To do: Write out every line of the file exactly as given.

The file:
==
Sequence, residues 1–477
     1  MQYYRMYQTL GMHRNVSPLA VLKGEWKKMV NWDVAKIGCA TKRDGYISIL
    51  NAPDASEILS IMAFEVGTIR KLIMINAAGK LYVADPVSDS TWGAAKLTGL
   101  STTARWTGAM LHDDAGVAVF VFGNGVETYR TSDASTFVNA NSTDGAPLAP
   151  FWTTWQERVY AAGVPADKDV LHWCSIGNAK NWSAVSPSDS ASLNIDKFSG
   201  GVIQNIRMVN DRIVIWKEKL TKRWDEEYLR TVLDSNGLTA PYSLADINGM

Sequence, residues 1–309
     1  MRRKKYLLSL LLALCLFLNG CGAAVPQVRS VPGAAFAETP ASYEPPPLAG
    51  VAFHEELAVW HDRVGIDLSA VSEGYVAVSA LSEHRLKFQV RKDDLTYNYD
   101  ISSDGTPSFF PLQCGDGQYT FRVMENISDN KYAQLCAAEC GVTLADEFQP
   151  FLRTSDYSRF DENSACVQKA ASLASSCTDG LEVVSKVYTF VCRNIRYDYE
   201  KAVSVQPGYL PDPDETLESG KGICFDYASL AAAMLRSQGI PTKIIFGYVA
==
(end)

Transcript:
Sequence, residues 1–477
     1  MQYYRMYQTL GMHRNVSPLA VLKGEWKKMV NWDVAKIGCA TKRDGYISIL
    51  NAPDASEILS IMAFEVGTIR KLIMINAAGK LYVADPVSDS TWGAAKLTGL
   101  STTARWTGAM LHDDAGVAVF VFGNGVETYR TSDASTFVNA NSTDGAPLAP
   151  FWTTWQERVY AAGVPADKDV LHWCSIGNAK NWSAVSPSDS ASLNIDKFSG
   201  GVIQNIRMVN DRIVIWKEKL TKRWDEEYLR TVLDSNGLTA PYSLADINGM

Sequence, residues 1–309
     1  MRRKKYLLSL LLALCLFLNG CGAAVPQVRS VPGAAFAETP ASYEPPPLAG
    51  VAFHEELAVW HDRVGIDLSA VSEGYVAVSA LSEHRLKFQV RKDDLTYNYD
   101  ISSDGTPSFF PLQCGDGQYT FRVMENISDN KYAQLCAAEC GVTLADEFQP
   151  FLRTSDYSRF DENSACVQKA ASLASSCTDG LEVVSKVYTF VCRNIRYDYE
   201  KAVSVQPGYL PDPDETLESG KGICFDYASL AAAMLRSQGI PTKIIFGYVA